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    The initial ABM nuclear warheads were very large, in the 2-5 megaton class, presumably because the intercept accuracy was low. The test ban treaty and the obviously damaging consequences from high altitude nuclear explosions helped end that effort. The explosion effects help blind the guidance radars for subsequent missiles, which undermines the defense effort.
    It is probable that the research labs are considering what could be done using much smaller nukes instead of the current 'hit to kill' warheads. A tiny nuke, say a kiloton, would be a very effective anti missile weapon with much less self impact. However, there is no practical effort ongoing, partly because of treaties, partly because Congress has prohibited new nuclear warhead development.
     
  15. Mar 16, 2014 #14

    lavinia

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  16. Mar 16, 2014 #15

    analogdesign

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  17. Mar 16, 2014 #16
    hahaha analogdesign;

    I think the problem of EMP, fallout, and radar blinding is probably overestimated. The first two effects are relatively localized: EMP is subject to the inverse square law and fallout, as another poster pointed out, of a single nuclear event would hardly register above background. Radar blinding can be mitigated, in part, with distributed sensors and diversified bandwidths.

    In the Nike Zeus program a nuclear warhead was used to make up for lack of targeting precision. Once hit-to-kill kinetic interceptors were proven there was no longer an incentive to use nuclear warheads; the kinetic interceptors were far cheaper.
     
  18. Mar 16, 2014 #17

    SteamKing

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    Yes, but the OP asked why nuclear warheads weren't being used for ABM defense. And, it's unlikely that an attack would involve the interception of just one missile; after all, modern strategic missiles are equipped with multiple re-entry vehicles which ALL have to be destroyed in order to prevent any nuclear hits.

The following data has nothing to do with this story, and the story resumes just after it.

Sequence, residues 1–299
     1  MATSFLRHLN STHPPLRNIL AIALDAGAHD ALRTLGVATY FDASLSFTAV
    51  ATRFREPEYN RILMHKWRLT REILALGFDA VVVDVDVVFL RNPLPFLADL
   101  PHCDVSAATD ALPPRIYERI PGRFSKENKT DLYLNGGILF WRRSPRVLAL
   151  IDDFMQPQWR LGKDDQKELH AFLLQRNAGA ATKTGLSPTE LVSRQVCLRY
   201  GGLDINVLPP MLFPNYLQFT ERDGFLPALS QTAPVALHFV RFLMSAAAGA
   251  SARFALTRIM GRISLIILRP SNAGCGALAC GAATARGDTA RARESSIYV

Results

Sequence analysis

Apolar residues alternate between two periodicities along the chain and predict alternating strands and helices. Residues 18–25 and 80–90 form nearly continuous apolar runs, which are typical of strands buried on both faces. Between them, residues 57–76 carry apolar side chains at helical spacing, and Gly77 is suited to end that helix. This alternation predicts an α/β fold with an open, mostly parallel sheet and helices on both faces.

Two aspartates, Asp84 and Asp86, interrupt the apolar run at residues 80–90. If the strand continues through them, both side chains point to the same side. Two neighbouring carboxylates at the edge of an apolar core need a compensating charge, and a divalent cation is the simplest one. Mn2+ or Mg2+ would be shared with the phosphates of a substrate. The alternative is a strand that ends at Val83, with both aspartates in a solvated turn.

When atmospheric testing of nuclear devices was still permitted, several different atomic devices were detonated to gather data about the extent and damage the EMP could cause. As a result f these tests, military aircraft and naval vessels receive special hardening against the effects of EMP so that vital communications and other electronic systems remain operational in the event that an atmospheric nuclear blast is encountered.

    http://en.wikipedia.org/wiki/Nuclear_electromagnetic_pulse

    Because of various factors, it is hard to predict what the effect of EMP, fallout, and radiation will have on ground- and air-based systems, which is why these systems may be over-designed.
     
  19. Mar 16, 2014 #18
    True but if the MIRVs were deployed early they would have spread out enough to require multiple interceptors, nuke or not.

    For EMP I dont doubt the problem, just the range. If the intercept occurred over the artic or pacific then few systems would be close enough to be effected, including sats.
     
  20. Mar 17, 2014 #19

    Morbius

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    sparke_pony,

    You are limited by how far you can spread out your MIRVs; since you want to hit the target. For example, Russian warheads will probably be targeted at US ICBM sites in North Dakota, Montana, and Wyoming. That means there's a pretty narrow angle in which to disperse MIRVs.

    The concern about radioactivity is kind of a "red herring". At the time one would use this system, one would have Russian warheads inbound. So one has a choice; take out the incoming warheads with your own small warheads with the detonation at high altitude; or you can do nothing and suffer the detonation of a large Russian warhead near the surface. There's no avoiding the radioactivity if someone has launched nuclear missiles.

    As far as not being able to test; the aerodynamic tests of being able to intercept an incoming missile can be done with dummy warheads. As far as the nuclear testing of the interceptor warhead, that can be done underground, and was. For example, the Cannikin test which was conducted underground on Amchitka Island, Alaska was a test of the warhead for the Spartan interceptor missile. Here's a video about the test:



    Basically, the reason the programs were not pursued is that the USA and the Soviet Union decided not to pursue them and entered into the 1972 ABM - Anti-Ballistic Missile Treaty where both sides agreed to limit missile defenses.

    Greg
     
    Last edited by a moderator: Sep 25, 2014
  21. Mar 17, 2014 #20

    SteamKing

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    The EMP extends to the visual horizon from the initial burst point. If a single warhead were detonated at the proper altitude over Kansas, the effects of EMP would extend over the entire continental US. See the article in Post #17 for how the strength of the pulse drops off with distance from the blast.
     
  22. Mar 17, 2014 #21

    Morbius

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    sparkle_pony,